1. Hey MrB,

    I first off wanna start by saying love your blog and its become one more thing that I look forward to about Friday.

    I just wanted to clarify some things I read in your blog posts. You talk a lot about the Kurdish problem, and create a scenario of Turks vs Kurds as if they have been enemies for good part of history.

    This is simply not true. I am a graduate student focusing on the military history of Ottoman Empire. I just wanted to point out some of the misunderstandings that most people in our country (US) and in the West, seem to have. The Kurds are a group of people indigenous to the southeast Turkey and as you know encompass over a large area comprising Northern Iraq and North-western Iran, most of this territory which formerly belonged to the Ottoman Empire.

    The Kurds, along with many other ehtnic groups, lived in a tribal fashion under the Ottomans for centuries in peace. In fact, there have been some great ethnic Kurdish Ottoman commander like Cevat Pasha in Turkey’s history. As you can imagine, the Ottoman army commanded a multi-ethnic army, with a sizable portion being Kurds. As they were discovered to be ferocious and loyal warriors in the medieval ages, Kurds were specifically recruited, especially in the southern border regions of the Empire to patrol the mountains against possible threats from the Safavids. This relationship between the Kurds and Turks continued all the way until the end of the first world war, where in fact, Kurdish troops were used against the Armenians to quell their rebellion, and they played an important role in the event we now know as the Armenian Genocide.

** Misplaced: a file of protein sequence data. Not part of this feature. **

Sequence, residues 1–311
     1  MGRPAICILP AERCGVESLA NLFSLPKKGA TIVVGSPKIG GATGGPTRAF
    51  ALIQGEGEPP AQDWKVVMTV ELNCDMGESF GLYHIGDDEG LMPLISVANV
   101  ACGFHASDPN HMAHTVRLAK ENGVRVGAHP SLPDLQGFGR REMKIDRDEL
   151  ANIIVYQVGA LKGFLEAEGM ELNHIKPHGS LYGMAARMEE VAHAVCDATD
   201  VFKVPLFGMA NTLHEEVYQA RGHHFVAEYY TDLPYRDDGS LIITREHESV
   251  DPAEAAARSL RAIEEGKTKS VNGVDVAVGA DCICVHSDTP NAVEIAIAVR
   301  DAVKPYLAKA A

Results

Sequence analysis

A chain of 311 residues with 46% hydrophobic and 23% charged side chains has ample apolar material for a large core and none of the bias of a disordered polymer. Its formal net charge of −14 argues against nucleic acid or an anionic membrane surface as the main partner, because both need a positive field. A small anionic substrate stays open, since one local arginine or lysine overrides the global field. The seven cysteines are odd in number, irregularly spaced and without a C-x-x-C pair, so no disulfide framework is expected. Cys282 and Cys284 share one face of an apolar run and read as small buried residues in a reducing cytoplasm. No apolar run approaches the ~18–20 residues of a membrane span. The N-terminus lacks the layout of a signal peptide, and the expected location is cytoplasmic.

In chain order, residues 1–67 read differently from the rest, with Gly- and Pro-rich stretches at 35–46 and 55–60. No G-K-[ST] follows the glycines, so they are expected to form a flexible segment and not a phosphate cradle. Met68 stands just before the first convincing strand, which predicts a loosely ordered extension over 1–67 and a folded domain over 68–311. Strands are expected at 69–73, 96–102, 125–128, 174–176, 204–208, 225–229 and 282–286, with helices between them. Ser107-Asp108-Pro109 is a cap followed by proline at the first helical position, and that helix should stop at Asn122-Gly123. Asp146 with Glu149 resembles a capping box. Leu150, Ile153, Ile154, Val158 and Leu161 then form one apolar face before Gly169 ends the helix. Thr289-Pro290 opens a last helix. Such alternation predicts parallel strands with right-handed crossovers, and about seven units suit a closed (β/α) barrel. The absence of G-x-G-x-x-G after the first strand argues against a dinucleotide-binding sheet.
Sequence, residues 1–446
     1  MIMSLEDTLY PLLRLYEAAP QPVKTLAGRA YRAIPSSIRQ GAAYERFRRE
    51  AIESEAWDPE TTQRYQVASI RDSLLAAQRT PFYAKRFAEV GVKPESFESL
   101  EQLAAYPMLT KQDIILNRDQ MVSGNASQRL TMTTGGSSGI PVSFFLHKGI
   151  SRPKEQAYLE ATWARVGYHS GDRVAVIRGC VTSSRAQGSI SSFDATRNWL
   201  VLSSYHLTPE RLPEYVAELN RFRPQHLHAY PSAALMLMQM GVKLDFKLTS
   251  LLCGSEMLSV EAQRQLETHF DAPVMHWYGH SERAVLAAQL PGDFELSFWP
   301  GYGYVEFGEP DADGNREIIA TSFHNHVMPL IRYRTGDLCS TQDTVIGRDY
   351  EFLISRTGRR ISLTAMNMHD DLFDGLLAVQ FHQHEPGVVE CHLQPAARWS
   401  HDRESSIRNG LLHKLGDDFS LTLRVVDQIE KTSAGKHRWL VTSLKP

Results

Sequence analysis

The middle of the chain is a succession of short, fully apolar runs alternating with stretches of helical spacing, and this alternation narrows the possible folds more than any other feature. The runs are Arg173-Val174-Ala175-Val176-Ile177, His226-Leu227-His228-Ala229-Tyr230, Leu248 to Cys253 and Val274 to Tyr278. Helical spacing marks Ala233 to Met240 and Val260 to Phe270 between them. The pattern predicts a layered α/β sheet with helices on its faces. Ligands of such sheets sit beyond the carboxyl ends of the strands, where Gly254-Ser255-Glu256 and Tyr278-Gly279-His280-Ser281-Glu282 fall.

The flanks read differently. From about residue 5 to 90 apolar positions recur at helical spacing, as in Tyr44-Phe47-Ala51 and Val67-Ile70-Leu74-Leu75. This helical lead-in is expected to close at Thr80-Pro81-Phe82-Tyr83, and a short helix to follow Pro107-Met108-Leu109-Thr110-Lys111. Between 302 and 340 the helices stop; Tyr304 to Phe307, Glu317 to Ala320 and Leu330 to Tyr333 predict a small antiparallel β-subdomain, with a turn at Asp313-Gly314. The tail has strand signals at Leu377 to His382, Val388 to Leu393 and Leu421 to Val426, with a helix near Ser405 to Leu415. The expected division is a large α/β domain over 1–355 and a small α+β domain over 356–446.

The souring of relations between both the Kurds and Turks that you seem to refer to in this post and many ones before, happened after the world war in the early days of the Republic. Mustafa Kemal tried to modernize a former multi-ethnic empire and create a national identity to support the infrastructure of an early developed Republic. In the process of rapid modernization and nationalization, he came up with the “Turk” identity, with the primary official language of “Turkish” under the banner of “Turkey”, which eschewed a lot of minorities, with the most significant one being the Kurds, who were not so happy about this.

    This was further exaggerated by the British and French provoking Kurds into rebelling, resulting in the Dersim Rebellion. The Allied powers were not happy with the Turks regaining most of the Allies’ territorial gains in the Turkish Independence War, and resulting in the annulment of Treaty of Sevres. As such, they used the tense Turkification situation in Turkey to apply the well known concept of divide and conquer. These events still continue today as PKK wages war for independence.

    I hope this wasn’t too lengthy, I just wanted to give a concise overview of what my studies have shown. Please don’t hesitate to let me know if you have any questions and gripes about what I wrote.

    1. Rob –

      Thanks for that! I’ve never given Ottoman studies the in-depth look I’d like, though what you describe does conform to some of the geopolitical rules that I try to impart to readers (i.e., empires can be multi-ethnic, but modern nation-states have a tougher time of it, and those places that transition between the two types often get a lot of violence in the process).

      As someone who studies these things formally, what do you think the odds are of a Kurdish state in the near future (10-20 years)? If Iraqi Kurdistan goes, do you think Turkey will be able to hold its current borders over time, or do you think they’ll be forced to give it up eventually by an American hegemony that prefers regions as divided as possible?

      1. Mr.B that is a great question.
        The consensus among people within my circle is quite divided. Really, these things are quite hard to predict.

        However, I will tell you what is happening now today and events related to it that will surely have an effect the outcome of such an event. You can draw your own conclusions from it.

        Ottoman military history is not an isolated study, you must study the demographics, politics and international events over a big timeline, including before, during and after events. This includes looking at modern Turkey and its politics and history to gain insight into the past.